A clean path to sales


From applying sunscreen to cleaning the kitchen counter, wipes offer a convenient way to perform many tasks without the need for spray bottles or pumps.

“That’s the beauty of a wipe,” says David Rousse, president of Cary, N.C.-based INDA, an association for the nonwovens fabric industry. “They save a step.”

And in a world where consumers are increasingly demanding simplicity from the products they use, the category is expected to grow. According to a recent INDA report, “North American Wipes Market: Trends & Forecasts 2012-2017,” the North American wet wipes market should grow 16 percent annually through 2017.

“We are pleasantly surprised by the unrelenting growth of the disposable nonwovens wipes industry, even during these challenging economic times for consumers and businesses,” says Brad Kalil, INDA’s director of market research and statistics.

Categories to consider

For retailers considering what kinds of wipes to offer under their own brands, personal care, household cleaners and baby care all are segments that stand out as ripe areas for growth, the report says.

On the household cleaners front, consumers want portability and smaller packs, Kalil says. Retailers could see increased store brand success through offering that convenience, as well as coming out with new types of wipes that aren’t national brand equivalents. After all, wipes can be used in place of just about anything that requires liquid, and all sorts of surfaces need cleaning — from ones in the house to ones in the garage.

“It’s kind of a great area for product innovation,” Kalil says, citing Minwax Wood Finishing Cloths, which can stain a piece of furniture and even include a pair of gloves for the project, as an example of product creativity in the wipes market.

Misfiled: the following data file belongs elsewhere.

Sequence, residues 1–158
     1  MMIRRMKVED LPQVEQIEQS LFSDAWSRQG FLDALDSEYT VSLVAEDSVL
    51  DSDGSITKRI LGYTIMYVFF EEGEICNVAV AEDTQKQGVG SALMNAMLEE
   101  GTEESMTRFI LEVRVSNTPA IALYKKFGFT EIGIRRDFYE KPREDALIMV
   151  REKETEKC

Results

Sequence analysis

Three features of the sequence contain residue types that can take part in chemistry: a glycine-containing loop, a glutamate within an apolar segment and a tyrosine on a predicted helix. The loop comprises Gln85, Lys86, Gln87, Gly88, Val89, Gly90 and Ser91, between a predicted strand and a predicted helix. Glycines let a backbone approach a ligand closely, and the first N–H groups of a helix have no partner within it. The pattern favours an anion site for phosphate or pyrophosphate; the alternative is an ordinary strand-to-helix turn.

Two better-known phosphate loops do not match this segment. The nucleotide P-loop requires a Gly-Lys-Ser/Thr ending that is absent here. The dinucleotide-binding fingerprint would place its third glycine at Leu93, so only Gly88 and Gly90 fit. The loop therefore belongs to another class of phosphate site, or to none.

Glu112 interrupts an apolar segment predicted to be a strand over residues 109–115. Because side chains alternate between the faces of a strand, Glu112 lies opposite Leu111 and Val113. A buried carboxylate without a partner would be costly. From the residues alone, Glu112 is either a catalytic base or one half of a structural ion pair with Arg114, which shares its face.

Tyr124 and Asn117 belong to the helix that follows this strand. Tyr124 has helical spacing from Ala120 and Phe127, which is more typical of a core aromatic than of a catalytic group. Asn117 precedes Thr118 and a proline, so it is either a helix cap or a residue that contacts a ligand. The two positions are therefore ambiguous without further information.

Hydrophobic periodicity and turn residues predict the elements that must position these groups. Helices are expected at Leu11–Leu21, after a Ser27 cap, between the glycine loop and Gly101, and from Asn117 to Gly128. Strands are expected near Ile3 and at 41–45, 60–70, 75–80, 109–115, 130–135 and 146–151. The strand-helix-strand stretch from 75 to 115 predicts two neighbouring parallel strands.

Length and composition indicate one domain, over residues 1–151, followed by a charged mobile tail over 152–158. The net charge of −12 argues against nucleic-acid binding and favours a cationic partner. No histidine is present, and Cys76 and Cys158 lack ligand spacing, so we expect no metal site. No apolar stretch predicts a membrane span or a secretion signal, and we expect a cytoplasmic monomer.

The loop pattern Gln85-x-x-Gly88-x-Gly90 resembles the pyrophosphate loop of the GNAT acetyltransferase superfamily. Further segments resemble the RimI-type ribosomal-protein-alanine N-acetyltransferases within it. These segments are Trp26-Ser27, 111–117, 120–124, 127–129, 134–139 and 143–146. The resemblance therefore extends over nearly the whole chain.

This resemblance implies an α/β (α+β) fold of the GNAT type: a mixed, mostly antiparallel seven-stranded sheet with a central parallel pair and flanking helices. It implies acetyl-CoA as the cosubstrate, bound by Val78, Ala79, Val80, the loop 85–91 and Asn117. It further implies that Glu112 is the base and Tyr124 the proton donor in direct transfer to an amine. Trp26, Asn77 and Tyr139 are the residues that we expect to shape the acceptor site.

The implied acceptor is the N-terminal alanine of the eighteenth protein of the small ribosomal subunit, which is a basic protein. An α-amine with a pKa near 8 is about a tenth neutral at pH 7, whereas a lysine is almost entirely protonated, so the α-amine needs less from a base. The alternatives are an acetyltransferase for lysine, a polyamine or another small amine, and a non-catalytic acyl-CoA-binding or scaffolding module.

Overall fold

Turning to the personal care sector, packaging quality could be just as important as the wipes’ quality. Looking specifically at beauty care wipes, consumers use these products about three times daily outside the home, according to a recent study conducted by Northborough, Mass.-based Perimeter Brand Packaging. And many of those users want wipes that are both easy to use and portable — as well as travel-size packs that contain more than just a handful of wipes, the study confirmed. What they don’t want are wipes that dry out too quickly or come in packaging that looks like it was designed for baby wipes.

But don’t assume that wipes are limited to usage by humans. In addition to household wipes and personal care wipes, pet care wipes were spotlighted at last year’s Private Label Trade Show as a particularly promising area for store brands, says Moto Okawa, marketing manager at Chino, Calif.-based Diamond Wipes International. Americans spend a lot on their pets — $55 billion in 2013, according to the American Pet Products Association’s website. Therefore, wipes for consumers’ furry friends could be a good way to boost sales.

And as dirty as pets can get, wipes are perhaps the most convenient way to clean them up, Okawa adds.